At what age should a child be able to tie shoelaces? While there isn’t a magic number as to when kids should reach the shoe-tying milestone, according to University of Michigan developmental-behavioral pediatrician Julie Lumeng, most children master tying their shoes by first grade, while others may accomplish the task with confidence in second or third grade.
Learning to tie shoes is an important accomplishment that can be difficult for some children. While adults think nothing of double-knotting shoes before heading out the door, the simple action is rather involved. Shoe tying encompasses visual perception skills, hand-eye coordination, and defined fine motor skills. Fine motor skills are the small muscles in the hands and fingers. Shoe tying relies on those fingers to make and pull those bunny ears tightly so shoes don’t quickly become untied.
All the steps are typically why kids get frustrated with the process and opt for velcro. To help your toddler get on track to start tying his or her own shoes down the road, it’s important to develop the necessary skills for shoe tying.
Getting those fingers working is the best way to get your little one ready to tie shoes. Fine motor skills are utilized in many everyday activities, from shoe tying to writing letters. So, developing the small muscles in the fingers, wrists, and hands is vital. Thankfully, helping little ones develop their fine motor skills is simple and fun. Any activity getting the hands and fingers working focuses on muscle development. These activities are ideal for a toddler’s fine motor skills.
- Playdough or putty
- Sponge painting
- Finger painting
- Wooden blocks
- Duplo blocks
- Sand and water toys
Another way to improve your child’s fine motor skills is to get him or her involved in chores around the house. Toddlers love to help and activities like gardening, cleaning up toys, raking leaves, and even setting the table get hands and fingers working.
In addition to fine motor skills, developing hand-eye coordination in your toddler will be an asset down the road when it comes to learning how to tie shoes. Just like fine motor skills, you can help develop hand-eye coordination with playful activities like these.
- Throwing and catching a ball
- Tossing and catching bean bags
- Stringing beads
- Lacing a toy
- Bouncing and catching a ball
- Indoor bowling
Buttoning, zipping, snapping, buckling, and tying are life skills adults use every day. They’re skills children need to master. Providing toddlers access to life skill toys like a learn-to-dress doll or learn-to-dress boards are great ways to teach kids these important life skills. Dressing toys also work both fine motor skills and hand-eye coordination.
Suzy next door is tying her shoes at four, but Michael up the street is eight and still can’t tie his sneakers. The fact that children reach the shoe-tying milestone at different ages is perfectly acceptable. The key is to look for readiness. If your child can cut with ease and can button, zip, snap, and lace without too much difficulty, it’s probably time to introduce shoe tying. Another important clue as to readiness is interest. When children are eager to learn to tie and expressing an interest, start the process.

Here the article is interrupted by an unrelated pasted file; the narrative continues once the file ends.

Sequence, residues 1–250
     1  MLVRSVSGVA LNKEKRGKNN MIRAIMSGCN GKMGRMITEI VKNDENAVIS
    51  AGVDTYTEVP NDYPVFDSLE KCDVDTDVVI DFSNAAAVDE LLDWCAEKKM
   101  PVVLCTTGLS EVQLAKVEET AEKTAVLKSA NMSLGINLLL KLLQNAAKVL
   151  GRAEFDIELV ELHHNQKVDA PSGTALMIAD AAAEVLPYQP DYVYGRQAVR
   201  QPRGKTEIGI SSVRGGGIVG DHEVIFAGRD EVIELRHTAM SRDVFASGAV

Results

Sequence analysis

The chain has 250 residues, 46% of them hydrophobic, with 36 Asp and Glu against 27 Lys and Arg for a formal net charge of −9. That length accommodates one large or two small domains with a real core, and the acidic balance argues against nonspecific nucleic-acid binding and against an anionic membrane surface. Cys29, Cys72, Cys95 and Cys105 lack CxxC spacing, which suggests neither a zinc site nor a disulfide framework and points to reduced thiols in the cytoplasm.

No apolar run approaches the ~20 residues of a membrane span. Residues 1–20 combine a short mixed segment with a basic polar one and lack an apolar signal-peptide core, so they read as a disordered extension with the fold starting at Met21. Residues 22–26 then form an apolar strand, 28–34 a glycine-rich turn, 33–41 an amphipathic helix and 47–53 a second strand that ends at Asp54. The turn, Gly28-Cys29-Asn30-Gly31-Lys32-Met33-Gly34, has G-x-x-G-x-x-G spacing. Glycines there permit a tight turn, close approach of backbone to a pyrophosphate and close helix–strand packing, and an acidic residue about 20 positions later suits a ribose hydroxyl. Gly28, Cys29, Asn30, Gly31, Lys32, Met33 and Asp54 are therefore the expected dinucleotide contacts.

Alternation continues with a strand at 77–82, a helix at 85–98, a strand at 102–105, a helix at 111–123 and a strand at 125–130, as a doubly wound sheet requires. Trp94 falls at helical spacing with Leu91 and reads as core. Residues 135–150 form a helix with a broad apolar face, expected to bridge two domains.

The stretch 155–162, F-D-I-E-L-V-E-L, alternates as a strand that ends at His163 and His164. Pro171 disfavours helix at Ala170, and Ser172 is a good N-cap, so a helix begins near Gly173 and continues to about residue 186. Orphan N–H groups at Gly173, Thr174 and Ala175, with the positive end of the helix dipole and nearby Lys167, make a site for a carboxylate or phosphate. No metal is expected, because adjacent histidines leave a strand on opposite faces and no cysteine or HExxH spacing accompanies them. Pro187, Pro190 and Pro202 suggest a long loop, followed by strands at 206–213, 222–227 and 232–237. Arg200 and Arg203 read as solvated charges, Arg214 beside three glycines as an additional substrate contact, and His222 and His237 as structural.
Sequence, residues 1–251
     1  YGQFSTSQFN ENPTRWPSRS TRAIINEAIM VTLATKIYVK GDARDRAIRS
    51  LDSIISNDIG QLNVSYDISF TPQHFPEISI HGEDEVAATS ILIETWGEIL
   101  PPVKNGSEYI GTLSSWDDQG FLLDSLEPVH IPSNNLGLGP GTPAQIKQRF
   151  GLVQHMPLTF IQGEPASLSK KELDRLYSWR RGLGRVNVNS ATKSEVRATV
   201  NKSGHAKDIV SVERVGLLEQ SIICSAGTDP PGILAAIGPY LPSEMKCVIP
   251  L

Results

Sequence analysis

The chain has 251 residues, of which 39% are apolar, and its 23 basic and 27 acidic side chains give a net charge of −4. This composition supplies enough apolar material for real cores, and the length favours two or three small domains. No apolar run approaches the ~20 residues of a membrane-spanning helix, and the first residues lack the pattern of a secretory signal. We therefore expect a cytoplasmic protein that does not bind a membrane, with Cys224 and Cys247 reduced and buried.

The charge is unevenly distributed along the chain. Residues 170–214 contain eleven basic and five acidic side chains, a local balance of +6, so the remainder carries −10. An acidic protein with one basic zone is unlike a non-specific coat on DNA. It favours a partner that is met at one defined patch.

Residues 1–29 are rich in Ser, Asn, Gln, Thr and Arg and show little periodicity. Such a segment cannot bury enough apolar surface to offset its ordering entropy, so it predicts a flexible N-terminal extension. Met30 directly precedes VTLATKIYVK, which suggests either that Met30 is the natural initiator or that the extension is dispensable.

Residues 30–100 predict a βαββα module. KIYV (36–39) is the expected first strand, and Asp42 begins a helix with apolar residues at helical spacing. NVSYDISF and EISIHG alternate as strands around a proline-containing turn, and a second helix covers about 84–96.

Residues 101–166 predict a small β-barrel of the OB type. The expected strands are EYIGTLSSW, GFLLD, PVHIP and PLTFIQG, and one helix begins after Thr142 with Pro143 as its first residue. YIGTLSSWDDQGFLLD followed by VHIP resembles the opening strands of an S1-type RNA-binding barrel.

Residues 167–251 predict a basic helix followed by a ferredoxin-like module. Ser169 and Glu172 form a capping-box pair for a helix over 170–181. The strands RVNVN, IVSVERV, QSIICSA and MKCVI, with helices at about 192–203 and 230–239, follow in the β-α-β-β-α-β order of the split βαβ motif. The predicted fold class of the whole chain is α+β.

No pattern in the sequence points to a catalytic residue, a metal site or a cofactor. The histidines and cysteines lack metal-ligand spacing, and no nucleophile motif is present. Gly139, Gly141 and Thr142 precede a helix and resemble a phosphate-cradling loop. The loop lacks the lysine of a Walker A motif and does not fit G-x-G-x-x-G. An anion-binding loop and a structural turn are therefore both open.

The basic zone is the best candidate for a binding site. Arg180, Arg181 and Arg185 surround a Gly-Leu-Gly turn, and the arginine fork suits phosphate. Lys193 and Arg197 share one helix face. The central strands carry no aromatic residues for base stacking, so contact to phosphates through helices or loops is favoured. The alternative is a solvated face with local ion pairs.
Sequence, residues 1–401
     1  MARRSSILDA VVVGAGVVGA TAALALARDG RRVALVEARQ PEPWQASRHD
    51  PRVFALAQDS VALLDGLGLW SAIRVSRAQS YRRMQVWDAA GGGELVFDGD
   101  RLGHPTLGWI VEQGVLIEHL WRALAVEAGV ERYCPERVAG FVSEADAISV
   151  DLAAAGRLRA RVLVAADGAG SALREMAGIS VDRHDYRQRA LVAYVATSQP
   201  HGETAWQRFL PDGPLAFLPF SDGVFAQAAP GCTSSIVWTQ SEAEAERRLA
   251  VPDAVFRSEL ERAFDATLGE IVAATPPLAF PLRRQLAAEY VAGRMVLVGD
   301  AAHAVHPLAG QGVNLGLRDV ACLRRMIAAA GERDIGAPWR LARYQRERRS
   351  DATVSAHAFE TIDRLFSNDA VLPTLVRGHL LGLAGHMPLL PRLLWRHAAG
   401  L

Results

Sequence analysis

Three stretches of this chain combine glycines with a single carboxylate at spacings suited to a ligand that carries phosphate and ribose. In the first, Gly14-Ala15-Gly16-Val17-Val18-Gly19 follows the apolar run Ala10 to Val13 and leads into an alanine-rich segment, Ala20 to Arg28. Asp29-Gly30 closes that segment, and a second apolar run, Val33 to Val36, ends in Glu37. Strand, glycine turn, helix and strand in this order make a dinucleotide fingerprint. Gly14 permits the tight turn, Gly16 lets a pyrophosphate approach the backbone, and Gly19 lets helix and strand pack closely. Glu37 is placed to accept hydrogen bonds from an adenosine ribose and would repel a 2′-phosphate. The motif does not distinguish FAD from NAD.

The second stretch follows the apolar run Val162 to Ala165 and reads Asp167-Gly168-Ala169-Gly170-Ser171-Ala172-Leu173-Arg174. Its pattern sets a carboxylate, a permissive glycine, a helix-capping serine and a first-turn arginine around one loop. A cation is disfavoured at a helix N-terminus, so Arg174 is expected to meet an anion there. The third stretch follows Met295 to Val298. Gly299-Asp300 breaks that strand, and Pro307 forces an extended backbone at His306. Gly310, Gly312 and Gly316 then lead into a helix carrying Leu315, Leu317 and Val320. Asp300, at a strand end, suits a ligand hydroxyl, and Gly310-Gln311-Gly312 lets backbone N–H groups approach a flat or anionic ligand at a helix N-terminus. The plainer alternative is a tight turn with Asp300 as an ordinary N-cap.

Learning to tie is difficult. If your child is having a hard time with the process and getting frustrated, don’t force it. Simply put it aside for a bit. Keep tying your child’s shoes, but talk your way through it to keep reinforcing the method. Instead of forcing shoe tying, continue to encourage activities to improve fine motor skills and hand-eye coordination.
Tying may seem second nature to adults, but to young children, it’s a daunting process. When introducing shoe tying to toddlers and preschoolers, keep it simple. It’s best to break down the process. Focus on one step at a time, allowing your child to master each step before moving on. Set aside a small amount of time each day to practice if the interest level and readiness are there. When you’re running out the door to school, daycare, or practice is not the time for a shoe-tying lesson.
The bunny ear method may be how many parents were taught to tie their shoes, but that method may not work for your child. If it doesn’t, that’s okay. There are alternate methods for learning how to tie which may be easier for some children. Like most things, there are YouTube videos for that. Watch a few YouTube videos offering up different approaches to shoe tying. You might just hit on a method that works for your little one. If not, keep plugging.
“Practice makes perfect” is an old adage, but it’s certainly true when it comes to teaching a child to tie shoes. When your child is ready, it will take a lot of practice before he or she is a shoe-tying whiz. The best thing parents can do to get their toddlers on the road to tying their shoes is to develop fine motor skills and hand-eye coordination through fun activities like the ones outlined above. When these skills are strong and interest is high, children will have an easier time learning to tie shoes.
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